The problem with the track design committed to now, however, is in regards to the 'edge effect'. This is the name that ecologists have given to the inevitable degradation that occurs at the boundary zone of any landscape. Habitat at the centre of any location is thought to remain more or less pure, but the edges of such places are where weeds, feral animals, opportunistic predators or environmental hazards can wreak havoc on the natural order of things. The construction of the rail corridor has now created a series of new 'edges' within Chelsea Street Environmental Reserve, and the wildlife there is under increased threat as a result.

Edge effect: the Environmental Reserve borders houses along Sandwell Crescent

Once upon a time, Chelsea Street Environmental Reserve adjoined the wetlands of Hays Inlet, allowing wildlife to move freely throughout the last remaining forest on the Redcliffe Peninsula. The rail corridor has effectively split the reserve however, turning the northern part of it into a small island of bush bordered on each side by roads, houses and now a train line. This means that the resident Eastern Grey Kangaroos (Macropus giganteus) and other species are extremely vulnerable to fire, drought, disease and feral predators, as their freedom of movement is restricted. The railway design will attempt to remedy this by building culverts under the tracks through which animals can pass through into the Hays Inlet area, but it remains to be seen how effective this will be.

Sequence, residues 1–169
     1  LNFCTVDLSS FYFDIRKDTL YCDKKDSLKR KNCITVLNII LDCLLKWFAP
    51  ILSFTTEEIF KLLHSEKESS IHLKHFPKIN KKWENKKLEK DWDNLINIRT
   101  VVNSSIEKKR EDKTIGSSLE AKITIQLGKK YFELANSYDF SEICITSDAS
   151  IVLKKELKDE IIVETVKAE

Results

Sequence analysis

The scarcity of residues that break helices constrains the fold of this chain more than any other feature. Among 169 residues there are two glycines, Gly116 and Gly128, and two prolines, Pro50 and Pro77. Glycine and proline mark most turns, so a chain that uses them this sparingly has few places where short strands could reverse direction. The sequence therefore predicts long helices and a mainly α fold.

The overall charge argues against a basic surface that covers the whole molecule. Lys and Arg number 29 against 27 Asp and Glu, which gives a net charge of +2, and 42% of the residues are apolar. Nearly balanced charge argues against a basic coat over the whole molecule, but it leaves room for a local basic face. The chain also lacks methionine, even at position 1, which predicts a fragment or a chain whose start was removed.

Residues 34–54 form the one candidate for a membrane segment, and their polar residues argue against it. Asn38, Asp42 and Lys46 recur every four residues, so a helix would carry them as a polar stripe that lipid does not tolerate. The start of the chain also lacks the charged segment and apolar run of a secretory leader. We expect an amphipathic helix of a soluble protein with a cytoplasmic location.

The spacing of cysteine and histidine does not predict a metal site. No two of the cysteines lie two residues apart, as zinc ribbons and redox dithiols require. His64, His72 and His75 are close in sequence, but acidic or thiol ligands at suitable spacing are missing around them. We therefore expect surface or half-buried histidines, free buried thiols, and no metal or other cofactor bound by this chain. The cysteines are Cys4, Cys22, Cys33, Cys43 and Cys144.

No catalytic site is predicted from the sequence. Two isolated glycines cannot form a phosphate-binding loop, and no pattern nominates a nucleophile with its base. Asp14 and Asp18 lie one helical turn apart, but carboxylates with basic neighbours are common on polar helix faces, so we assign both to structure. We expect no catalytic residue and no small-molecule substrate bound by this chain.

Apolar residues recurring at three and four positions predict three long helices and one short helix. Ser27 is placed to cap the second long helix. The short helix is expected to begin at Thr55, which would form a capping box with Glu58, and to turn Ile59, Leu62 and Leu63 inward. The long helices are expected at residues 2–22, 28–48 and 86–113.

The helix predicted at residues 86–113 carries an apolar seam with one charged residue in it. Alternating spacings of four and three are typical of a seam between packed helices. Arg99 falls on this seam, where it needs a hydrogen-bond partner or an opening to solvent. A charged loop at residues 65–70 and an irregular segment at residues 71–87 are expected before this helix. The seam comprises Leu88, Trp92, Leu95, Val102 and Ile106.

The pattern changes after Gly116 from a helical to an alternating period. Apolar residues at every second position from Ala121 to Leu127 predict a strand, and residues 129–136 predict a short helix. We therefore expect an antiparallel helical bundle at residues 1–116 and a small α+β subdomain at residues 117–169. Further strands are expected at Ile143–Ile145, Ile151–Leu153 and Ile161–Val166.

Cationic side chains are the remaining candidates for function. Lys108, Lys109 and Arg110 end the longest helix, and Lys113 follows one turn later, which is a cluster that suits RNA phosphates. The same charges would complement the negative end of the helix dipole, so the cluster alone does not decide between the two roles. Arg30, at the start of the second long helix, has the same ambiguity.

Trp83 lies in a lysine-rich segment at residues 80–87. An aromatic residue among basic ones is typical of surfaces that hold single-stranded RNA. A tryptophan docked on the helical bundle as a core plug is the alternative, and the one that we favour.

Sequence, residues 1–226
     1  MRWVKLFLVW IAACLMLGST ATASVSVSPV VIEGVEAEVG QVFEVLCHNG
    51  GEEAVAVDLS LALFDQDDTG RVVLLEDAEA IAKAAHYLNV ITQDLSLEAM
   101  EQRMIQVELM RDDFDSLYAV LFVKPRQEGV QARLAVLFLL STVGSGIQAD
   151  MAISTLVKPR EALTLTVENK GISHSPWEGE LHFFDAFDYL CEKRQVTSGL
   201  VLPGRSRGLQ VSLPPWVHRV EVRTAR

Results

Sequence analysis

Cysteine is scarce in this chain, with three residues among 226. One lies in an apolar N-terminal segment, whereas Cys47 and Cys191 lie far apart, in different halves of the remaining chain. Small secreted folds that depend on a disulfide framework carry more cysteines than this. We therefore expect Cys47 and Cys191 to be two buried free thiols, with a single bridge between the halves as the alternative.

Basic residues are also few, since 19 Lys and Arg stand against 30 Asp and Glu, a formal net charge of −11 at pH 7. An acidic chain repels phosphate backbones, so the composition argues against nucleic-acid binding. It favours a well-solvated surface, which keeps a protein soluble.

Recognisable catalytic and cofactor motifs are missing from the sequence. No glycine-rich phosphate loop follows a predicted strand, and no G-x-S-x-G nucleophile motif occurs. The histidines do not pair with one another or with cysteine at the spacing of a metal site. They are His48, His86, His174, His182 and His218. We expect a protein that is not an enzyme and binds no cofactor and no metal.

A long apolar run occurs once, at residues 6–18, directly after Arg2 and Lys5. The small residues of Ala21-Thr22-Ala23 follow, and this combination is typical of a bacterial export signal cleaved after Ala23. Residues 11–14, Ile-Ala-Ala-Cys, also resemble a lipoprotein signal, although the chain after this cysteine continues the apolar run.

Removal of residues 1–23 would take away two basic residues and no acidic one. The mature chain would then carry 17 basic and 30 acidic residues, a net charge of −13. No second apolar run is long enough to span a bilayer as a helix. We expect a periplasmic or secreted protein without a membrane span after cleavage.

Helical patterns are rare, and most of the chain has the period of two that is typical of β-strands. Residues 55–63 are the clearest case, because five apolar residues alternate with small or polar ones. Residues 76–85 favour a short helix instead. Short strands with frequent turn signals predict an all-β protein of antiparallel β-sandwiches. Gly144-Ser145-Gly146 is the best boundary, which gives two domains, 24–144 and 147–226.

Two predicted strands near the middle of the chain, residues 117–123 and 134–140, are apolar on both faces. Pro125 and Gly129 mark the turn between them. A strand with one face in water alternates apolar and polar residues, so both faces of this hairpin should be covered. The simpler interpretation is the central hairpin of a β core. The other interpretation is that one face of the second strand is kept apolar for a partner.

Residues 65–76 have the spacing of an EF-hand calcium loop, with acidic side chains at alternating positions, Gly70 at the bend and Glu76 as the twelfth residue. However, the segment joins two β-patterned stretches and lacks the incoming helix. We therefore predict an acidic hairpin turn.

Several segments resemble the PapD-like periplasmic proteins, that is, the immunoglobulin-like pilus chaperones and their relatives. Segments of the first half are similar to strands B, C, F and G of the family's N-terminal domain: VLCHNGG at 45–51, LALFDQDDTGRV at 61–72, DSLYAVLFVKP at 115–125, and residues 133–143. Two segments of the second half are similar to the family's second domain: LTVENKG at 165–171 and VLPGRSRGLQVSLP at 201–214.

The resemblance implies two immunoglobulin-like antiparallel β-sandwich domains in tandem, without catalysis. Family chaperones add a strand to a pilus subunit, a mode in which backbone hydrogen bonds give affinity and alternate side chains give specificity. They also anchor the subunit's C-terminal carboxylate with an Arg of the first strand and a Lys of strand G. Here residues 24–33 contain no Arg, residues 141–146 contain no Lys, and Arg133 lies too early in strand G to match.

Laughing Kookaburra (Dacelo novaeguineae)

Swamp Box

I surveyed the reserve twice this month, once during the day and then again at night. The woodlands consist of gum, ironbark, she-oak, wattle, banksia and paperbark trees, but I took special note of the majestic Swamp Box (Lophostemon suaveolens) specimens on display. They can be recognised by their thick leaves and gnarled limbs.

For me, the reserve truly came alive during my nocturnal visit. Mammals were well-represented; besides the glider shown at the top of the page, the trees were filled with chattering Black Flying-Foxes (Pteropus alecto) and a family of Koalas. In the grassy understorey below, Grey Kangaroos and Swamp Wallabies (Wallabia bicolor) grazed. Smaller life forms were abundant, including delightful Ornate Burrowing Frogs (Platyplectrum ornatus) along the tracks.

Clockwise from top left: Dusky Owl Moth (Donuca castalia), Tawny Frogmouth,
Bordered Methana Cockroach (Methana curvigera) and Ornate Burrowing Frog

I was particularly impressed by the lack of weeds in the woodlands, and suspect that there is a fantastic bush care group nearby to thank for this. Perhaps they are also responsible for the extensive revegetation area behind Bunnings - a clever way to expand the edges of the reserve habitat, and thus the quality 'core' of it also. 

Revegetation area

Above: Grey Butcherbird with Banded Sugar Ants
(Camponotus consobrinus). Below: Tawny Frogmouth